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Dangers of leadership

Chisiza, D.K. (1962). Dangers of leadership. In Africa: What lies ahead? African-American Institute. Also in Nolen. (ed.). (1967). Africa is people. New York City: E.P. Dutton.


In this timeless work, Chisiza shares seven dangers of leadership. Born in Northern Nyasaland, he was educated in a mission school, an Ugandan college, and an English university. He is also one of the founders of the African Youth League, and was deported to Nyasaland where he continued his political activities. In his writings, he shares:


In January 1960 Mr. Dag Hammarskjold, secretary-general of the United Nations, toured 24 countries in Africa and met ‘most of the national African leaders.’ Of these leaders he had this to say when he returned to New York:

‘I found the present generation of African leaders to be of high seriousness, devotion, and intelligence. I am sure in their hands those countries will go to a happy future.’


According to Chisiza, "the cause to which these leaders are consecrating themselves is noble, their trust is sacred, their problems manifold, their tasks immense. Accordingly, they must be on the lookout against pitfalls which might sabotage their work and plunge their countries into chaos. There are seven main dangers against which they have to guard.":

  • "The first of these refers to the policy of ‘rewarding friends and punishing foes.’ "
  • "An allied that of nepotism..."
  • "The third danger assumes the form of blurred vision. It has been said that ‘where there is no vision the people perish.’...Blurred vision of what things should be results from the failure of nationalist leaders after the attainment of independence to switch from their role as freedom-fighters to that of economic modernizers....Those leaders who succeeded in adjusting themselves to their new tasks are the ones who never lost sight of the fact that freedom is merely a means to the end of social and economics reorganization....There are two ways of acquiring such a vision: delving into literature which deals with developmental problems, and consulting economic and social experts as to what should be done."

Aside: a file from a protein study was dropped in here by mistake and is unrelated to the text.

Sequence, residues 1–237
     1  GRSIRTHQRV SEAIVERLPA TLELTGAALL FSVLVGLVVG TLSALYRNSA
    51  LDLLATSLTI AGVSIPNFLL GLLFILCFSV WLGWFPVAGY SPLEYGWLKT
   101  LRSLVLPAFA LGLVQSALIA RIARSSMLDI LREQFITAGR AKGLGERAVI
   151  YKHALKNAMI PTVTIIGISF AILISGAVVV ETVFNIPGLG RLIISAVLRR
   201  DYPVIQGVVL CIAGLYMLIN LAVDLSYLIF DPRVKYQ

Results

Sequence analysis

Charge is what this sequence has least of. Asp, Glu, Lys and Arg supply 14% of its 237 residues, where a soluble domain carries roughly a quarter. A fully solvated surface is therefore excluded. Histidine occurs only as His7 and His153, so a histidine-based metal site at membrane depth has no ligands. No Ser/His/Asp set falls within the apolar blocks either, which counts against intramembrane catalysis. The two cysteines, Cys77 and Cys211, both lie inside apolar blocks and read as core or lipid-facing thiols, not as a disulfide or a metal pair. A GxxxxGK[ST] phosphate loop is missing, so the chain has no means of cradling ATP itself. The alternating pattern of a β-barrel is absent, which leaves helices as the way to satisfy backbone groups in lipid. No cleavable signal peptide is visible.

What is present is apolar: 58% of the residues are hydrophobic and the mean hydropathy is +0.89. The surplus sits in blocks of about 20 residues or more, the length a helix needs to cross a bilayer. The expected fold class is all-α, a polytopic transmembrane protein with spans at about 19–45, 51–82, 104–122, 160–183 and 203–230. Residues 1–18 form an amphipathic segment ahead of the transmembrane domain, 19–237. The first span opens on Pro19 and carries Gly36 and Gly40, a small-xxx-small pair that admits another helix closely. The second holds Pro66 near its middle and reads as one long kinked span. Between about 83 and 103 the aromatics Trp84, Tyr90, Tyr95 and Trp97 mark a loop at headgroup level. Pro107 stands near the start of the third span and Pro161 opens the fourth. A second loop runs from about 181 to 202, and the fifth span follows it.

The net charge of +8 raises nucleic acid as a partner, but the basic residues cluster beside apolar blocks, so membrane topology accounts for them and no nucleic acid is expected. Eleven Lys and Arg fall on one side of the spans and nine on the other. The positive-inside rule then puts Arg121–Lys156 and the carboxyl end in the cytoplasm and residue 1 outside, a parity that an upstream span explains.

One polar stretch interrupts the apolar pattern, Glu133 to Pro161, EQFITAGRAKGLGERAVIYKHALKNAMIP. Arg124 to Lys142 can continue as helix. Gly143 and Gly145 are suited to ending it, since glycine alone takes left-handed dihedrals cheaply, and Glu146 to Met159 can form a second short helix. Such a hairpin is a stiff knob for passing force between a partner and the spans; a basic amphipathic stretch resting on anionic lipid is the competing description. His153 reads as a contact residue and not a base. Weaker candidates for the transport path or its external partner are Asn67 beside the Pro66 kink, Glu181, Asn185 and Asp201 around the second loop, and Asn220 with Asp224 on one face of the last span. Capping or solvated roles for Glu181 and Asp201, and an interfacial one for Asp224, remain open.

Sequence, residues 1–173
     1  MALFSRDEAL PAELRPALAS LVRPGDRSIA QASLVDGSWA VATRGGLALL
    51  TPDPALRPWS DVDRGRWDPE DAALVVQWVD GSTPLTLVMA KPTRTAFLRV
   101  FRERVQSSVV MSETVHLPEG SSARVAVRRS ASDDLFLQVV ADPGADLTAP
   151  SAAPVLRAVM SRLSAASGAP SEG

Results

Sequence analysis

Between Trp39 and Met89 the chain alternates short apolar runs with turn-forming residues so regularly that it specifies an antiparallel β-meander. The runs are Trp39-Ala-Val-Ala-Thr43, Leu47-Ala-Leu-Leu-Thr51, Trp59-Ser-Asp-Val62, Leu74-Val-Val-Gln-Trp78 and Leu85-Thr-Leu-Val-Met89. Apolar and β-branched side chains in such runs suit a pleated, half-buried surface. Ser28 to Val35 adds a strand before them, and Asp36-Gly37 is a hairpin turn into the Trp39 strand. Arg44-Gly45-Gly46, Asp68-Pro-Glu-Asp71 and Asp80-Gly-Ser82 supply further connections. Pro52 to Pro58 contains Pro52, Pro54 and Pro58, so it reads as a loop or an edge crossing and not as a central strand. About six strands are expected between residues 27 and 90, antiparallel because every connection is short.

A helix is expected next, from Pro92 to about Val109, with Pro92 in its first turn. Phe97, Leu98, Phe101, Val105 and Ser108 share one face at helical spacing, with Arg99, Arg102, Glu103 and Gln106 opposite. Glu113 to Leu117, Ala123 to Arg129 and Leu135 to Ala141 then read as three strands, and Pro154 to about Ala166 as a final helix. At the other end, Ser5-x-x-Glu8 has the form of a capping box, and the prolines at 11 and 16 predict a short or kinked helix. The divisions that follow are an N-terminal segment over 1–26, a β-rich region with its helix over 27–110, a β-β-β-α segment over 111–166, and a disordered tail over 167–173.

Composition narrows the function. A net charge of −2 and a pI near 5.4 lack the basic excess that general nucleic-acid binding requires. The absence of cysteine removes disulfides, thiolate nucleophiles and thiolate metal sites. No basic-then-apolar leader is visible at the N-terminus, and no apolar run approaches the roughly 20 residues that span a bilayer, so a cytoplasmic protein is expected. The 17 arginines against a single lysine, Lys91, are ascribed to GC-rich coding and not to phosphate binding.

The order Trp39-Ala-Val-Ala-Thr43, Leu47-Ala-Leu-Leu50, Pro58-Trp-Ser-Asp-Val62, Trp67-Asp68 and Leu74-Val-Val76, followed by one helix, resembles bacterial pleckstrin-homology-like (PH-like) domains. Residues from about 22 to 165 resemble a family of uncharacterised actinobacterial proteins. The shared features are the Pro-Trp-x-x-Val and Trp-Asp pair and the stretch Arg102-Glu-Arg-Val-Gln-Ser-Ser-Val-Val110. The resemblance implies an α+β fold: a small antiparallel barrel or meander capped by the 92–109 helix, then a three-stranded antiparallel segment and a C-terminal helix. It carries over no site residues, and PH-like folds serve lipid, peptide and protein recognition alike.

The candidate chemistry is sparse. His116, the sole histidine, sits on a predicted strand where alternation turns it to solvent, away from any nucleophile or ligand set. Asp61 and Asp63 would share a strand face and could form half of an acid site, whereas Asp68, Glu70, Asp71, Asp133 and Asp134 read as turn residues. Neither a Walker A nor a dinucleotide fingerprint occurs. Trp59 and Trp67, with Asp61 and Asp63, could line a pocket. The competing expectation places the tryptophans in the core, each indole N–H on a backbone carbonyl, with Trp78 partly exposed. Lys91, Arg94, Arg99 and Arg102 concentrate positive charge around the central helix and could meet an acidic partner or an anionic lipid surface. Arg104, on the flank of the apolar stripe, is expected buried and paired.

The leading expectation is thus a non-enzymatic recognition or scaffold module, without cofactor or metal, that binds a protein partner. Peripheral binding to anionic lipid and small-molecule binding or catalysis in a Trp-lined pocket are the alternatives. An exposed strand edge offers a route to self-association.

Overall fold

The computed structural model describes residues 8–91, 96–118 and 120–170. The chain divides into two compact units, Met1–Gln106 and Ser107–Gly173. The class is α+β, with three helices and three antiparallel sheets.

• "The fourth danger stems directly from the danger just considered. It relates to two closely linked things: (a) dwelling in the past and (b) petty jealousies....When leaders are apparently doing and achieving nothing remarkable, people tend to regard their leadership as merely a means to personal enrichment and prestige."
  • "The fifth danger lies in the competition of African leaders for preeminence....It is unnecessary competition which deserves the condemnation of those people who want to foster African unity and to promote harmonious cooperation."
  • "The sixth danger relates to the policy of aligning with power blocks....It is almost a universal tendency...of the world (to judge) that if the ruling party is pro-West, the opposition is pro-East.
  • "The seventh danger is that of dictatorship. Three things will bring about a dictatorship in Africa: (1) too much trust, (2) too little trust, and (3) neurotic ambition. Of the three causes, the third presents the least problem...The real problem is posed by those leaders who will lapse into dictatorial tendencies either because their countrymen trust them too much or too little."

In sum, Chisiza notes, "In framing policies and designing measures, therefore, leaders must rely more on public opinion and the opinions of colleagues than on their imagined superior intellect. The task of leadership involves following as well as leading."


  1. What has been written of political leadership in the 1960s may also be relevant to the 1990s. Young people being trained for leadership should be aware of its dangers. They should be encouraged to develop character and positive attitudes that will keep them from pitfalls preventing the full development of their country and peoples.
  2. What is true of political leadership applies also to leadership in churches, schools, and communities. The each institution regularly experiences its own abuses of leadership. The reasons for the failure of leaders are spiritual, social, and psychological.
  3. Young people learn much from the great achievements and failures of past leaders. Teaching youth is leadership training.

Dean Borgman cCYS